In chapter 26 the land of Judah is described as a place that finds protection in God rather than in walls and fortifications. Isaiah goes on to speak of the peace available to those who trust in God and the destruction of those who reject Him. Verse 15 makes reference to Israel as being a nation restored after having been “removed far unto all the ends of the earth.”
When we get to verse 19 Isaiah is speaking of a time when those who have died as men/women of faith, including himself, will be resurrected to new life. In the very next verse God calls His people to enter into “thy chambers” until the Lord is through punishing the sinful inhabitants of earth. This triggered my thoughts to connect with John 14:1-3, 1Corinthians 15:52, and 1Thessalonians 4:16-17. In John 14 Jesus is telling His disciples that He is going home to the Father to prepare a place for them among His many “mansions.” In 1Corinthians 15 Paul reveals the truth that a time is coming when all people of faith, those alive at the time and those who have already died, will be changed and resurrected respectively to be clothed in their immortal bodies. In his letter to the Thessalonians Paul also clearly states that the “dead in Christ shall rise first: Then we which are alive and remain shall be caught up together with them in the clouds, to meet the Lord in the air: and so shall we ever be with the Lord.”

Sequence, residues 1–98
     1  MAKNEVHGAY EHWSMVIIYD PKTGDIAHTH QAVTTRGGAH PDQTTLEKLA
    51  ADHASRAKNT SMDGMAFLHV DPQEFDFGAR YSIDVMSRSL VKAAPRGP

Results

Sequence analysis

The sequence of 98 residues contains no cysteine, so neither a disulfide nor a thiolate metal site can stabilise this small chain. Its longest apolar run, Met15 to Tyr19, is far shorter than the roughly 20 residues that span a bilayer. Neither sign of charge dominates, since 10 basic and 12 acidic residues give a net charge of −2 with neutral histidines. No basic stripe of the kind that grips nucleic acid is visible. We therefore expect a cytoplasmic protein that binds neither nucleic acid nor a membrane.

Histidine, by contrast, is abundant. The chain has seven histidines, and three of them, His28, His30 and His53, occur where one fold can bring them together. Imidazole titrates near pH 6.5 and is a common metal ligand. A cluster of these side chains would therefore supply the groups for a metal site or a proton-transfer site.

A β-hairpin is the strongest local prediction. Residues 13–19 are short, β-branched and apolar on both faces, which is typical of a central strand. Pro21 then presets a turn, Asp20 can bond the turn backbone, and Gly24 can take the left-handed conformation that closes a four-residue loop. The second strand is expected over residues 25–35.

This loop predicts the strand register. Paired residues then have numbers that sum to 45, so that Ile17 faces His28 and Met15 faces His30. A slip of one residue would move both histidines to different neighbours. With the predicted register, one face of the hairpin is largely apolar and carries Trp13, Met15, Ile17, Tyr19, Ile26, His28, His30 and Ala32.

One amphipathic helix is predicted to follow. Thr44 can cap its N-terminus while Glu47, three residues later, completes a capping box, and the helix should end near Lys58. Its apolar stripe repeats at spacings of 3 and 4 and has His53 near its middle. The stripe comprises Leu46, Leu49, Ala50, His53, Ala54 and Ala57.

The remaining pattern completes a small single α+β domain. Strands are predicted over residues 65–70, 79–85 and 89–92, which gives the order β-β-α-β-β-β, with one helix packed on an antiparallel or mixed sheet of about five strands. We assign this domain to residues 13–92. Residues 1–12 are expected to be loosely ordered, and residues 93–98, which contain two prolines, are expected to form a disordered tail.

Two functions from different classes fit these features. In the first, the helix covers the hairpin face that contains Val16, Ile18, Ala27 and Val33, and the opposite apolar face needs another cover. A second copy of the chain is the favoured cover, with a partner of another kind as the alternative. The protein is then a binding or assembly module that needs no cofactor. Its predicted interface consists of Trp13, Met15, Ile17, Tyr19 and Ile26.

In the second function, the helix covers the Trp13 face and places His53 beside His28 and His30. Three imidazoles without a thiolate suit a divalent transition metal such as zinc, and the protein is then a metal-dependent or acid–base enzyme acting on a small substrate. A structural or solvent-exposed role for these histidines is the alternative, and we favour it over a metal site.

Jack Kelley (www.gracethrufaith.com) made another interesting observation. In the phrase “Come my people, enter thou into thy chambers,” the word come includes the idea of vanishing in the Hebrew. There are just too many interesting connections for me not to think there is reference to the rapture here.